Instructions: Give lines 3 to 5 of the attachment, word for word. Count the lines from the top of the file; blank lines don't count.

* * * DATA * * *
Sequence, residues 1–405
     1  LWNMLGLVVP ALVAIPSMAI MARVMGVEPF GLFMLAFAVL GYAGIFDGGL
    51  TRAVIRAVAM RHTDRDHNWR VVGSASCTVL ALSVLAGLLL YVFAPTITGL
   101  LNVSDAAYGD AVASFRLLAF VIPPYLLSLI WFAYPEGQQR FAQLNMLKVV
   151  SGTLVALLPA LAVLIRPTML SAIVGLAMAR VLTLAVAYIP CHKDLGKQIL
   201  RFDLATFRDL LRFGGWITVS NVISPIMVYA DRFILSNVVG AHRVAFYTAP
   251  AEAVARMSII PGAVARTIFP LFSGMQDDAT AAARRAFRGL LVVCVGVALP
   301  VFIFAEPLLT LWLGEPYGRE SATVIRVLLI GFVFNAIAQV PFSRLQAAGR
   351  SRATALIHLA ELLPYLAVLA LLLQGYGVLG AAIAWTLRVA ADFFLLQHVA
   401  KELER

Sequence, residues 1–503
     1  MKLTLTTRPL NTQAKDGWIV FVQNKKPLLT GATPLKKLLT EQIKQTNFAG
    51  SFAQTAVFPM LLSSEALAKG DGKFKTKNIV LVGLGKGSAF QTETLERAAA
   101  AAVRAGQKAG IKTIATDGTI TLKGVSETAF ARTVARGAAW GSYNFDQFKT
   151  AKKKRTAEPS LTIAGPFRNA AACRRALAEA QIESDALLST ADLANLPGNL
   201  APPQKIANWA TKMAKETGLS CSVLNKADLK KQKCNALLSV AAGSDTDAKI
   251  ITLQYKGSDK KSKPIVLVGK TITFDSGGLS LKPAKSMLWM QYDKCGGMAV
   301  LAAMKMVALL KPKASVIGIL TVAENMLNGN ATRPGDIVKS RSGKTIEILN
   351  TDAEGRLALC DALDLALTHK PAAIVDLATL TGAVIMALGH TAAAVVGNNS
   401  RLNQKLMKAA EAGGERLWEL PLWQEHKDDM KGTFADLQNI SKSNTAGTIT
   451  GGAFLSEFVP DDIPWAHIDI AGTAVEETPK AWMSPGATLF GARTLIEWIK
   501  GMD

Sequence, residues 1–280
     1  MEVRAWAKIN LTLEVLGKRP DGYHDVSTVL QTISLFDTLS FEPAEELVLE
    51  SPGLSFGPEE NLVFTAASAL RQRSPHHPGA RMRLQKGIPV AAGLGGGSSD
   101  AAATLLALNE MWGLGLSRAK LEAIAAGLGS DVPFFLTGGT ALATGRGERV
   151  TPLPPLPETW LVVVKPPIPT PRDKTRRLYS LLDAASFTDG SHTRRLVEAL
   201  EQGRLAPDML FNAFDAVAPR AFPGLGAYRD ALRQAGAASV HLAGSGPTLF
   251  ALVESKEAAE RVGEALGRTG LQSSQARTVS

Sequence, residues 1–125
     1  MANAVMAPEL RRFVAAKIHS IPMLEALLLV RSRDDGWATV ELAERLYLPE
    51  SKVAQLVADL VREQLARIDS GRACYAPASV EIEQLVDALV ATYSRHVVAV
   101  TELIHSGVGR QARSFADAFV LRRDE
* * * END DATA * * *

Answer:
    51  TRAVIRAVAM RHTDRDHNWR VVGSASCTVL ALSVLAGLLL YVFAPTITGL
   101  LNVSDAAYGD AVASFRLLAF VIPPYLLSLI WFAYPEGQQR FAQLNMLKVV
   151  SGTLVALLPA LAVLIRPTML SAIVGLAMAR VLTLAVAYIP CHKDLGKQIL